‘When someone says “committed suicide” it is like a dagger into a loved one’s heart’

A Q&A by Lucy Caldwell with Catherine McBennett of the Niamh Louise Foundation for World Suicide Prevention Day tomorrow

Catherine McBennett: Overhearing someone say they were angry at my innocent child was the beginning of the fire in my heart to create awareness on suicide and help prevent another young child from dying. How dare anyone in the community call my child selfish for being ill, for dying? I wanted to know why

Catherine McBennett: Overhearing someone say they were angry at my innocent child was the beginning of the fire in my heart to create awareness on suicide and help prevent another young child from dying. How dare anyone in the community call my child selfish for being ill, for dying? I wanted to know why

 

Northern Ireland has one of the highest rates of teen suicide in the world. No one quite knows why, and it often feels that no one knows what to do about it, or even how to talk about it.

My first play, Leaves, was about a teen suicide attempt. A few days after I heard that the script had won the George Devine Award for Most Promising Playwright, and that Druid Theatre Company wanted to produce it, I opened a bundle of newspaper cuttings that my mum had sent from home. Among them was a heartbreaking article by a mother who had recently lost her 15-year-old daughter to suicide. She wanted to set up a foundation to help raise awareness of and prevent teen suicide and there was a phone number at the bottom for anyone willing to donate.

I’d written the play because I believed that fiction could, can, go into the darkest corners of the psyche and bring back from there something true, or shameful, or hidden, or otherwise inexpressible. But here was the chance to do something practical. I rang up, not for a moment expecting that the phone would be answered by the mother herself. Catherine McBennett was sitting at her kitchen table, devastated and in the darkest place of her life, but still, somehow, determined to do something to help other people who might find themselves in similar terrain. The Niamh Louise Foundation was born, and over the last 10 years it has gone from strength to strength. For World Suicide Awareness Day, on September 10th, I wanted to talk to Catherine about her experience and about teen mental health.

Catherine, can you tell us a little about your daughter, Niamh Louise McKee?

Niamh was a typical teenager. She was only 15 when she died by suicide, three months short of her 16th birthday in February 2006. She loved art with a passion, creating wonderful paintings and drawings. She loved to sing from a very young age, entering the feis when she was in primary school, singing at Mass and then eventually for our local Clonmore choir. She couldn’t wait to go to Tuesday evening’s choir practices and dreamed of singing solo on stage some day. Niamh followed the Gaelic football, staying true to our home county Tyrone, even when I married James, a loyal Armagh supporter and player for his local club, Clonmore. There was always great banter in the house with James and Niamh over who was the better team. I remember her calling me from Dungannon town one day after school, so excited and laughing down the phone, “Mum, guess who I just bumped into .... Peter Canavan!” We laughed at her pure joy and excitement and that’s how Niamh looked on everything: with hope, joy and the pure determination to be something in life.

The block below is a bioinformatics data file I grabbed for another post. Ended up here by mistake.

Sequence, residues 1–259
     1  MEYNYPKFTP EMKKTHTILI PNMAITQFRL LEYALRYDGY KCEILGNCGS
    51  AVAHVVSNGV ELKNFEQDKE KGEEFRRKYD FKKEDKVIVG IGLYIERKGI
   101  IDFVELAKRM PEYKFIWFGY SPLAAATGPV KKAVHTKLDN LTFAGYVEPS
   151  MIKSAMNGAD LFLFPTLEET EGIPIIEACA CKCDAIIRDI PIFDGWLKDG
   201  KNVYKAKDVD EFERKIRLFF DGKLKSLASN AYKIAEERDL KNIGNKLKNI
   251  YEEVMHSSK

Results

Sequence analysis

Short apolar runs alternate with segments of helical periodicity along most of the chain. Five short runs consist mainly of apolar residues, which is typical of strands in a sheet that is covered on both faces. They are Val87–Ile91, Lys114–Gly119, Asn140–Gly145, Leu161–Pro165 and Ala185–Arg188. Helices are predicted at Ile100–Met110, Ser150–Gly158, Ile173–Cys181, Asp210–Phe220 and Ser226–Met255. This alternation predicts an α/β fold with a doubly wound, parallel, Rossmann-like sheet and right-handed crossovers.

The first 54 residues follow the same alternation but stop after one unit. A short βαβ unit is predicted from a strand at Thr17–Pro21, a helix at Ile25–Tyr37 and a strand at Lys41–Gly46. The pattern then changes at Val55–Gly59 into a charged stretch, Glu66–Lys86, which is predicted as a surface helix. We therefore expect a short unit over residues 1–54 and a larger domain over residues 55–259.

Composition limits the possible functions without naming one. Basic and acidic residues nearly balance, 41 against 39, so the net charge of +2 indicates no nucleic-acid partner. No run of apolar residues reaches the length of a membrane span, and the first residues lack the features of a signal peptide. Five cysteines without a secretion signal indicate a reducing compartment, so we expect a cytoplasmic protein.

There were times when a darkness would show in her eyes or she would worry about something and wasn’t able to shift the fear or thought. “Typical teenager,” people would say if I expressed my worries. Her dad and I decided to get her talking therapies which she attended. The therapist couldn’t see anything wrong, I suppose because Niamh always beamed her beautiful smile at everyone. The sessions ended and we settled into life.

I now know from the training and studying we have done through the foundation that this is known as “countersign”: when someone will pretend all is ok so as not to worry their loved ones, at some level hoping the thoughts of suicide will go away.

In 2005 we didn’t talk of suicide. We never thought it would come to our door. So when Niamh died and we decided to tackle the topic and do something about it, we were met with mixed reactions. We got the sympathy look with the raised eyebrow: “Ach God love them… Sure what do they know… It will pass.” When I wanted to write an article in our local paper on Niamh as a person, I was told not to. Overhearing someone say they were angry at my innocent child was the beginning of the fire in my heart to create awareness on suicide and help prevent another young child from dying. How dare anyone in the community call my child selfish for being ill, for dying? I wanted to know why.

I remember our very first conversation – it will never leave me. In my play, Leaves, I’d gone deep, deep into the psyche of a teenager who doesn’t want to live any more. I’d gone, perhaps, into the darkest corners of myself. It took me, in retrospect, at least six months and probably a year to recover from writing that play – from going to those places. What I’d tried to do was to bring someone back from the brink and have them articulate what they’d done, or wanted to do, or why, but my character, Lori, never does – she isn’t able to. Her parents and sisters are desperate to understand or somehow make sense of what she’s done, but she just can’t tell them, or explain it even to herself. We talked about this. And I remember you saying that if you could learn one thing from the loss of Niamh, and help one other person, one other family, that would be enough. And you set up the foundation in her name and you’ve now helped dozens, hundreds of young people and their family members.